Mary feels a rush of adrenaline after reading the perfect candidate's qualifications. You know the feeling -- realizing your expensive, time-consuming search could finally be over.
However, Mary's moment of elation quickly drops to a pit in her stomach. "One, two, three," she counted. Three jobs in four years. Another job hopping resume found its way to her desk and another quickly hits the 'no' pile.
Hiring costs an immense amount. That's why when a candidate with job hopping tendencies and perfectly aligned qualifications comes along, it's important to understand the positives behind them leaving previous employers.
Here's what you need to consider before sending job hoppers to the 'no' pile again:
Opens up the talent pool
Mary's sense of relief after thinking her candidate search was over stems largely from a scarce talent pool. She isn't the only employer having trouble finding qualified new hires. In fact, a 2015 ManpowerGroup survey revealed 38 percent of employers had difficulty filling jobs globally that year.
A talent shortage means employers need to be even more open-minded about the resumes they're willing to place on the interview pile. Immediately denying candidates based on their apparent job hopping tendencies limits the number of qualified candidates during the interview process and may be costing companies their next best employee.
Thanks to other companies having the same hesitation, job hoppers may be easier to recruit. Open up your recruiting network to allow job hoppers into your interviews, and they just might surprise you.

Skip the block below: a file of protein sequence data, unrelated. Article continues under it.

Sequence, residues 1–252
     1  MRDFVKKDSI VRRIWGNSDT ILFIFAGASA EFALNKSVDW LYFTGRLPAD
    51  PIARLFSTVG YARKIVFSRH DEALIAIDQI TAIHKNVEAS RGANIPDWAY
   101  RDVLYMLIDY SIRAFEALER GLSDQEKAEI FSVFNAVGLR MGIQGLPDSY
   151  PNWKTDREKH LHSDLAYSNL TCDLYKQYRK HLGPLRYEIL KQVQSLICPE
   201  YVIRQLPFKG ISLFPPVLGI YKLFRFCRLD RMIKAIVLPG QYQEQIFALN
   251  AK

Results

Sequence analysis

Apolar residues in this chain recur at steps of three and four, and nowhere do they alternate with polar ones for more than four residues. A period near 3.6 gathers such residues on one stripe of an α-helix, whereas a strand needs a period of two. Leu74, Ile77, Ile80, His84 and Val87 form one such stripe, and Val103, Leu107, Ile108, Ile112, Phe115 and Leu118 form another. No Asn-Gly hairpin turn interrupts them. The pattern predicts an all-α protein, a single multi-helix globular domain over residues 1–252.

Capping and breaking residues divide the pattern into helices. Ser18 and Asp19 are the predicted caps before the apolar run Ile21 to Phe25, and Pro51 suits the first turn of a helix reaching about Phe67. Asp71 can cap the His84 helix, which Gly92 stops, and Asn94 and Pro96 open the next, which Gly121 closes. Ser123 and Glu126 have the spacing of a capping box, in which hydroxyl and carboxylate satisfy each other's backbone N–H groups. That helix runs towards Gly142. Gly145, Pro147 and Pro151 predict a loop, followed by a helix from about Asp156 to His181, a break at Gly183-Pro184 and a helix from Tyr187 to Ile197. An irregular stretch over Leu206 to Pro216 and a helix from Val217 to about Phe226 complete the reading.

Be ready to ask detailed questions about why they've had so many jobs in the last few years. Why did they leave? Are they currently looking for long-term employment? If offered this position, what is one reason they would consider moving on?
Highly skilled employees
Job hoppers get stereotyped frequently by recruiters. Mary, for example, tossed a highly qualified candidate aside simply because she assumed they frequently left jobs because they were bored, didn't allow enough time to actually like their position, or don't like following company policy.
It's inevitable that some job hoppers fall into these undesirable categories. However, many leave for reasons most employers understand, appreciate, and even encourage, such as outgrowing a position, they were offered higher pay somewhere else, or they discovered their true passion.
No matter the reason for leaving, thanks to many job titles and task lists, job hoppers acquire a wide variety of skills. Among this long list is the ability to quickly acclimate to a new environment and retain information.
Use job hoppers' qualities to your organization's advantage. During interviews, have candidates run through practice tasks that new hires will are required to do. Assessing if their previous experience has equipped them to catch on quicker than other candidates will let you know if they're worth hiring.
If you find they are, thanks to their differing skills, this job hopper turned new hire may grow and advance at the rate of the company's best employees.
Know what they want -- and what they don't
With experience comes wisdom. Moving between multiple positions and companies affords many job hoppers the opportunity to discover what they want out of their career.
After having a couple jobs within three to four years, they might be applying to this position because they've narrowed down their list of wants. Working among many different personality types makes them more secure in their ideal company culture, and experience in many roles and fields gives their passions direction.